7. As I picked up a B for £GBP22 delivered last month I'm waiting a while, as the A models are still in the mid 30s pricewise, as to be expected with a new-ish release. Might not wait too long though as leaving the EU will play havoc with the intra-continental international distribution we're used to unless we can cancel the lunatic policy.
  8. I got the Airfix kit, and was so disappointed it wasn't a straight scale-up of their 1/72 kit (having its incorrect middle aged spread ahead of the intakes) I rapidly got a Dynavector replacement which is far more accurate in capturing the look. I'll perhaps use the Airfix one as a Vigilante-style intaked version what-if at some point. But it'll be big bugger in 1.32, and I think I'm over my TSR2 fixation now.
  9. Normally that's good advice Kevin. But there are dozens perhaps hundreds of pages in total and constantly being updated. It's a real ongoing labour of love and Joe has it so well organised it's sometimes hard to comprehend the sheer sprawl of it.
  10. Does anyone know why Joe's site is offline/gone for the past couple of days? I know Joe's getting on in years, and I've sometimes wondered what'll happen to it when ... y'know. I hope he's OK and it's only a temporary glitch registration issue. It's one of the singlemost invaluable resources on the internet, especially if US types, serials and BuNos are important to you. Panic over - the site is back up again.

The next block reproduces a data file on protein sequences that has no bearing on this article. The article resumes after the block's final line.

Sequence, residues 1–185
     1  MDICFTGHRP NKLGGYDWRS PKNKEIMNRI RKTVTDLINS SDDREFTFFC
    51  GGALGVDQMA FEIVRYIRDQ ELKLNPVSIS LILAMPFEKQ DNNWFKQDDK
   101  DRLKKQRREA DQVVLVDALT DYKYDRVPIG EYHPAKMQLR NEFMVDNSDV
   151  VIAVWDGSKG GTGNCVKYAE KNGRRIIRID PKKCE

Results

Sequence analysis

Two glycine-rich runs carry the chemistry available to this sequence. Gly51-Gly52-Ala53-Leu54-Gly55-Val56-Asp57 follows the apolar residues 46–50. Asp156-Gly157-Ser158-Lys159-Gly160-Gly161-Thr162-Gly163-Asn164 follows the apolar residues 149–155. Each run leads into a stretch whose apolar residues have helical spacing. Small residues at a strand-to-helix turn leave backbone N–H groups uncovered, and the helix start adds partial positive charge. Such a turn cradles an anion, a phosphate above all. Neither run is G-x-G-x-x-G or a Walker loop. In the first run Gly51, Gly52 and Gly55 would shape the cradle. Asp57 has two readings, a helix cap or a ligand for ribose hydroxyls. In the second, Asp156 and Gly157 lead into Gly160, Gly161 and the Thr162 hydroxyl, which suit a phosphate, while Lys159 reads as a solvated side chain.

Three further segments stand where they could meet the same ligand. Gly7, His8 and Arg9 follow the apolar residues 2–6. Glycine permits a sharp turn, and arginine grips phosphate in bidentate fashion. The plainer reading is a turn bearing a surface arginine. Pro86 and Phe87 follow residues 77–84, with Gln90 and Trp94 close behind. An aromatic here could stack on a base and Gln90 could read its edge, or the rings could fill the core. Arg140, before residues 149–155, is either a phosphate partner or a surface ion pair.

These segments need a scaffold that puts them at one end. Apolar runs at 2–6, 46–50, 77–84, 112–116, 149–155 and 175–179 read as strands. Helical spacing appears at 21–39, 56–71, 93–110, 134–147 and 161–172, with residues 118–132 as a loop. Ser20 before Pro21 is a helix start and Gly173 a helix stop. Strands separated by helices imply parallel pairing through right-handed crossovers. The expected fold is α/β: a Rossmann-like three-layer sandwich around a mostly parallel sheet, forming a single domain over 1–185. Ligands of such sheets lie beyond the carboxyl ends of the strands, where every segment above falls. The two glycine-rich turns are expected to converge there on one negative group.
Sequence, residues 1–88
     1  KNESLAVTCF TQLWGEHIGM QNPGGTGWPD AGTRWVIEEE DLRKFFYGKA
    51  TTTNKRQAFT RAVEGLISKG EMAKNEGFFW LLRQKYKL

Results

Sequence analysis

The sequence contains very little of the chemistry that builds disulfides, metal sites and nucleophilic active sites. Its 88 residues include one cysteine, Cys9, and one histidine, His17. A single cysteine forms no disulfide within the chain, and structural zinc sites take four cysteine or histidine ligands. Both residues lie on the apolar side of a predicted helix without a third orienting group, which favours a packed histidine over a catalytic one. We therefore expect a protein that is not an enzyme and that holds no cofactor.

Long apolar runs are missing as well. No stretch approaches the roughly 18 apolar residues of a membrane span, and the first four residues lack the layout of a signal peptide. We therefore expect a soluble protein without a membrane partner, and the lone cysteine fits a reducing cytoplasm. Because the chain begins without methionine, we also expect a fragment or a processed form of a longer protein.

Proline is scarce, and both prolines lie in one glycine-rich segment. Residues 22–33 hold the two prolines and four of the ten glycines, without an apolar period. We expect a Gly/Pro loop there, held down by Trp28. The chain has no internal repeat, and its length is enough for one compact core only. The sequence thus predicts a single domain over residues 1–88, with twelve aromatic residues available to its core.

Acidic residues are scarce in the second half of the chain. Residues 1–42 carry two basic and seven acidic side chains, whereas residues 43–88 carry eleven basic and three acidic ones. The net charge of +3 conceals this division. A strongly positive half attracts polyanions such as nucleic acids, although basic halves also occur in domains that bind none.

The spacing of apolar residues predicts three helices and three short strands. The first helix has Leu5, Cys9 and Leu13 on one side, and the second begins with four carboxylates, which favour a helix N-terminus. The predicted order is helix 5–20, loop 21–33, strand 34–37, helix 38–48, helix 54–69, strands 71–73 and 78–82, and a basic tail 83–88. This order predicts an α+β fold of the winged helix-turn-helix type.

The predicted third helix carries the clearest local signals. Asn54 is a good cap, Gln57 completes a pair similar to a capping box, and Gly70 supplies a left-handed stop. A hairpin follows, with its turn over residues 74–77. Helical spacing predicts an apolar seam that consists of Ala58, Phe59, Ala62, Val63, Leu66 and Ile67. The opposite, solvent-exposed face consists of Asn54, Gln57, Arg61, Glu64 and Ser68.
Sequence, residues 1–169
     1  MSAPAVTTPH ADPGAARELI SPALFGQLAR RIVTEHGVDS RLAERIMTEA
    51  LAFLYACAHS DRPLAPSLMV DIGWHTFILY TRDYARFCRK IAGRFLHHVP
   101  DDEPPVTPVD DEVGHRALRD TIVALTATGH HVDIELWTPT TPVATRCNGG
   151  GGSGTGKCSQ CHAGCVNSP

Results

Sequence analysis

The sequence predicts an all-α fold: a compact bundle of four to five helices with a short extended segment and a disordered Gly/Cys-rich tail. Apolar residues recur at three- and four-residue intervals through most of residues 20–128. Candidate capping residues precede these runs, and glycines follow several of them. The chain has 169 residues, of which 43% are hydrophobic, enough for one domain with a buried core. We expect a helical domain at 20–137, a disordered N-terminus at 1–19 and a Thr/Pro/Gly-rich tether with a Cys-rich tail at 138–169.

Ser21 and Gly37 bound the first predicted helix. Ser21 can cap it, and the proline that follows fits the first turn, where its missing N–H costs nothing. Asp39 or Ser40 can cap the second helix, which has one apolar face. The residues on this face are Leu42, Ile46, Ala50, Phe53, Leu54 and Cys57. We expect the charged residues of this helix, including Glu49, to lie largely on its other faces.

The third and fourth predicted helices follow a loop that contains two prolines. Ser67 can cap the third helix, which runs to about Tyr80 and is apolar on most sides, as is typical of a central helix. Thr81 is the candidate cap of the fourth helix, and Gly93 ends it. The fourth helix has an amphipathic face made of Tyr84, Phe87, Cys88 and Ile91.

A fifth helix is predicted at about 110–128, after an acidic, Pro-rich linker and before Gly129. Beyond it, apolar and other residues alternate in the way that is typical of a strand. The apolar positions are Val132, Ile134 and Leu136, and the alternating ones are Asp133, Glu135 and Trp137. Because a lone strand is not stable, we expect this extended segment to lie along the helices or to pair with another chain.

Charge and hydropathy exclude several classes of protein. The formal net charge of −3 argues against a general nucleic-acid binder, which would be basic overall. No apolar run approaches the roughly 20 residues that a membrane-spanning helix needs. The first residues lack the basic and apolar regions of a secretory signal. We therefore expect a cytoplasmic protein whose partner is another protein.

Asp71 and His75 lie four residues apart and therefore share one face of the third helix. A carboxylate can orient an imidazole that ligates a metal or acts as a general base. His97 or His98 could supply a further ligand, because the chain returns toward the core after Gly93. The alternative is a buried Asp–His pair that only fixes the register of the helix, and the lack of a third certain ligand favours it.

11. In the '70s-80s, I lived in the Cranbrook area of Ilford, a town seamlessly on the eastern edge of London. An article in the local paper at the time recalled when a V2 missile impacted the area in March 1945 and as I was living in one of the streets mentioned, I took an interest. The area has a large number of parallel streets of Edwardian era, double-fronted terraced housing, and it was possible to note the difference in more recently re-built houses from the street's bombed whole middle terraces at the epicentre of the strike on Endsleigh Gardens, gradually lessening in decreasing diameter rings through the neighbouring streets. I never thought to count the number of destroyed houses, but it would have been in the many dozens. Even more sobering was the thought that even those who might have survived on the perimeter of the massive blast would have had no idea what had just happenend or where it came from. The 13 ton rocket impacted at over 3000 miles per hour.
  12. In all the photos I've seen, it doesn't appear to me that they do. However, there is a build over on Large Scale Modeller where the builder has made a very creditable job of depicting that higher 'shoulder'. I'm not on my regular PC or I'd post the link, but it should be discoverable. Edited to add: there are several threads on the HKM British Phantoms in this forum, a couple of which grew to contain epic amounts of info and detail photos. Well worth searching out.
  13. No, both the Spey Phantoms were derived from the F-4J and have the wider Navy style wheels. FGR2 XM497 F-4J 155529
  14. If you can have an F-4 Phantom in 1/32 then a Voodoo shouldn't be a problem either.